Tube Tied: Okay, But What About the Women on Mad Men?
I can't say that this first episode of the third season of Mad Men wowed me, but I suppose it was inevitable, amidst all the hype, that the episode would disappoint at least one person in its audience. And indeed, it was something of a shaky start. Don's reminisicing - or, really, more accurately, reimagining, since he can't possibly remember - the circumstances of his own birth made for a rather confusing opener. Not only did there seem to be, literally, a dick joke in it (not a particularly clever one IMHO), it was an oddly sentimental moment for a character whose trademark is emotional opacity. Don has never been the kind of man who much interests himself with the inner lives of women, or more particularly someone attached to the notion of mothers and origin. He is, as the old saying goes, the epitome of a self-made man, constructed entirely of the things he thinks he wants to be, however disappointed he may be when he gets them.
These scenes seemed designed to tell us that Don is newly recommitted to his life at home with Betty and the kids (who are soon to number three). But we swiftly learn that he is still a womanizer. But there's something new about his taste. One of the things that has always rescued Don from the "complete tool on the subject of women" column has always been his interest in what used to be called "difficult" women - sexually-free, bohemian Midge; reluctant adulterer Rachel; ambitious Bobbie; mysterious Joy. Whatever might be said of Don's philandering, in short, at least the man had taste. But this time, Don is after an airline stewardess (played broadly by Sunny Mabrey with an irritating accent) for whom mystery and subtlety are foreign concepts. And, for the love of God, she's a blonde - very much what Betty might have been had her modelling career tapered off (the
stewardess coyly offers that she is asked all the time whether she, herself, is a model) and she had never gotten married.
We are meant to be comforted by Don's utter discretion as to Sal's sojourn with the bellhop, I think. The lead-up ("I just want you to be honest with me") was a trademarked moment of Mad Men dramatic tension. But unlike his "You will not believe how much this never happened," speech to Peggy last season, Don's silence as to what he saw Sal doing seems more of a piece with Don's insistence that work and play be kept separate - he is among the most private characters ever shown on television - than any genuine connection with Sal's suffering. It was an implied reassurance of silence rather than one spoken aloud, and though Sal took it at face value, I couldn't help but wonder if he would see it as enouragement, or whether he's about to go back into the closet hardcore.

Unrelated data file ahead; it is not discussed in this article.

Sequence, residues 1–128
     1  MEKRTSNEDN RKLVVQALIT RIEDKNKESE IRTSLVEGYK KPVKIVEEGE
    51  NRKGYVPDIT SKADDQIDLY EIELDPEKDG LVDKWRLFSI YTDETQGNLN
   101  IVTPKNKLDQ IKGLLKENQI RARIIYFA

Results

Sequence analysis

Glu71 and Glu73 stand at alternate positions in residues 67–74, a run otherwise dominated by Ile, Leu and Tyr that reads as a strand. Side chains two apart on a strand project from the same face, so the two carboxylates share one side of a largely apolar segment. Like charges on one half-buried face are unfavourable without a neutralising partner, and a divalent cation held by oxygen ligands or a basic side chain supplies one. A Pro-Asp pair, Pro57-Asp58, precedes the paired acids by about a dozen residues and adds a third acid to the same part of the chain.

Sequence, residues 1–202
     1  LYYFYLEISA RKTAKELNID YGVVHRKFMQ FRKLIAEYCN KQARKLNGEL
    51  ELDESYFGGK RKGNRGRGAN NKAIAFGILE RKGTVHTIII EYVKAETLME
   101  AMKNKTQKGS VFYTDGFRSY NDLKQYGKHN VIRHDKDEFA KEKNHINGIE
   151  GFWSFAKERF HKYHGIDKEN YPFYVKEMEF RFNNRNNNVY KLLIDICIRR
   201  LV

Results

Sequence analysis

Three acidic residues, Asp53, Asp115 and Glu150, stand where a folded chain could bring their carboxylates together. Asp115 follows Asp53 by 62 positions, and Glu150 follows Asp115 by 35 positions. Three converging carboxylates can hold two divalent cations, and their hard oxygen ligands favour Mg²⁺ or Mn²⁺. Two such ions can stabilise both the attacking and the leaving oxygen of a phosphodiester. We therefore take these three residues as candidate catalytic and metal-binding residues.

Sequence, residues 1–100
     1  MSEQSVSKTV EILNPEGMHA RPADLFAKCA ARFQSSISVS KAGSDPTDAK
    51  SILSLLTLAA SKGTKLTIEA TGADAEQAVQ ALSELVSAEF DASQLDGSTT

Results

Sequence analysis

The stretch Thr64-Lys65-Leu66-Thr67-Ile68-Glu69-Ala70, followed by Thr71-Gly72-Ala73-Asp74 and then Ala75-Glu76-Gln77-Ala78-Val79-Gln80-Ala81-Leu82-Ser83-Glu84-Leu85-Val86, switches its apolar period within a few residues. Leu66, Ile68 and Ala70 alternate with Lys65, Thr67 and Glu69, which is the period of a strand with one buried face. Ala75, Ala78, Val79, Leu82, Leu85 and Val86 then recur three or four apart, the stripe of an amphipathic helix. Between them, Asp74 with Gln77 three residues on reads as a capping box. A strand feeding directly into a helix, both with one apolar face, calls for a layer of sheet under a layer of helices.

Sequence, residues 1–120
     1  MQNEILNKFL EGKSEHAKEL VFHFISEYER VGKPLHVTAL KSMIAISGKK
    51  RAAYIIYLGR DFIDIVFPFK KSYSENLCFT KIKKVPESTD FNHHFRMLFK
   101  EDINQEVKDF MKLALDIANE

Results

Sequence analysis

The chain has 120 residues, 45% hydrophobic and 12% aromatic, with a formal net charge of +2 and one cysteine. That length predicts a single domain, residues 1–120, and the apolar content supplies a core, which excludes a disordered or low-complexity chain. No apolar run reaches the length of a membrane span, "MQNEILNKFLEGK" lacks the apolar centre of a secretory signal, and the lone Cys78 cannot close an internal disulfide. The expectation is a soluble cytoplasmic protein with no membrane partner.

And for a show that has made so much of its street cred on the depiction of female characters, they were deliberately relegated to the background in this episode. Like some other people, I suspect Joan's "I can't wait until I'm out of here" remark referred to a pregnancy - not least because the costume designed to be padding Christina Hendricks' oft-fetishized figure, particularly around the midsection. But we got only Peggy nagging on about her secretary for a brief scene before it was back to the men, and a bit of anachronism from Betty (I highly doubt a woman of her background and education would have had much of any kind of idea about lesbians in 1963, girls' college or no). More women, please.
And if anything, the men's petty jealousies around the office are far less interesting than the women's. God knows I loved Pete's little interpretive dance of weaseldom as much as anyone else - in my view, it was the clasped hands that sealed the genius of it - but I can't say I much look forward to repeated childish death stares at Ken Cosgrove in lingering shots. Pete had displayed some growth over the last two seasons, and one thought that Peggy's revelation of their child might have matured him even more, but he seems, in this episode at least, to have returned to his old caricature habits: pouting and overinvestment in office politics. Mad Men's genius is subtle characterization, and they need to pull in the reins on Pete before they let themselves get out of hand, it seems to me.
What did you think?
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